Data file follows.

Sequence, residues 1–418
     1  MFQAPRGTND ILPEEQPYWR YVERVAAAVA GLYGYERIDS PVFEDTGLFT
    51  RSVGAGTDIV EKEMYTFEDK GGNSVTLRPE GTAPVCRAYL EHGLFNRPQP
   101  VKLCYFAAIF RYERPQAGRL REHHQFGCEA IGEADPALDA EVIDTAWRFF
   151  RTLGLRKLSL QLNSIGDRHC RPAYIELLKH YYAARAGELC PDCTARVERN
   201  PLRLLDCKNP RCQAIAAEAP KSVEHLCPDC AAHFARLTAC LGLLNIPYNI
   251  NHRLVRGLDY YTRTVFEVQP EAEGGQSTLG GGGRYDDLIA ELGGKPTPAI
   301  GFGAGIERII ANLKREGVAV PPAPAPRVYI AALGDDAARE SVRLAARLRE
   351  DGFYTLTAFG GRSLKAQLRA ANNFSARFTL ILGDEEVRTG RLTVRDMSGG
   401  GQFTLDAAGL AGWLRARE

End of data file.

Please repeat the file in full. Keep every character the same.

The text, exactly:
Sequence, residues 1–418
     1  MFQAPRGTND ILPEEQPYWR YVERVAAAVA GLYGYERIDS PVFEDTGLFT
    51  RSVGAGTDIV EKEMYTFEDK GGNSVTLRPE GTAPVCRAYL EHGLFNRPQP
   101  VKLCYFAAIF RYERPQAGRL REHHQFGCEA IGEADPALDA EVIDTAWRFF
   151  RTLGLRKLSL QLNSIGDRHC RPAYIELLKH YYAARAGELC PDCTARVERN
   201  PLRLLDCKNP RCQAIAAEAP KSVEHLCPDC AAHFARLTAC LGLLNIPYNI
   251  NHRLVRGLDY YTRTVFEVQP EAEGGQSTLG GGGRYDDLIA ELGGKPTPAI
   301  GFGAGIERII ANLKREGVAV PPAPAPRVYI AALGDDAARE SVRLAARLRE
   351  DGFYTLTAFG GRSLKAQLRA ANNFSARFTL ILGDEEVRTG RLTVRDMSGG
   401  GQFTLDAAGL AGWLRARE